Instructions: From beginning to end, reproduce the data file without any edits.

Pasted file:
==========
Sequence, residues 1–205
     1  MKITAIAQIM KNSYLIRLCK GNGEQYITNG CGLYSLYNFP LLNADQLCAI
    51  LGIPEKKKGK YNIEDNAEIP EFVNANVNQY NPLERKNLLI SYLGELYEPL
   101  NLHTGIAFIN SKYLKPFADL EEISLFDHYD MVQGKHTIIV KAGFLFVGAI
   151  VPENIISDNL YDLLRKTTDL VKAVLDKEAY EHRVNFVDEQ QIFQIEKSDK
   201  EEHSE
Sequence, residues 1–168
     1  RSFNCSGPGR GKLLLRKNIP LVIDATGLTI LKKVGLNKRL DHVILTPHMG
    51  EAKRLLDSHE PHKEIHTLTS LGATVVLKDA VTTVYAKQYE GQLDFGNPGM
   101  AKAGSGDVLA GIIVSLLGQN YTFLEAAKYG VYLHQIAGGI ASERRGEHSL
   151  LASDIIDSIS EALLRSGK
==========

Sequence, residues 1–205
     1  MKITAIAQIM KNSYLIRLCK GNGEQYITNG CGLYSLYNFP LLNADQLCAI
    51  LGIPEKKKGK YNIEDNAEIP EFVNANVNQY NPLERKNLLI SYLGELYEPL
   101  NLHTGIAFIN SKYLKPFADL EEISLFDHYD MVQGKHTIIV KAGFLFVGAI
   151  VPENIISDNL YDLLRKTTDL VKAVLDKEAY EHRVNFVDEQ QIFQIEKSDK
   201  EEHSE
Sequence, residues 1–168
     1  RSFNCSGPGR GKLLLRKNIP LVIDATGLTI LKKVGLNKRL DHVILTPHMG
    51  EAKRLLDSHE PHKEIHTLTS LGATVVLKDA VTTVYAKQYE GQLDFGNPGM
   101  AKAGSGDVLA GIIVSLLGQN YTFLEAAKYG VYLHQIAGGI ASERRGEHSL
   151  LASDIIDSIS EALLRSGK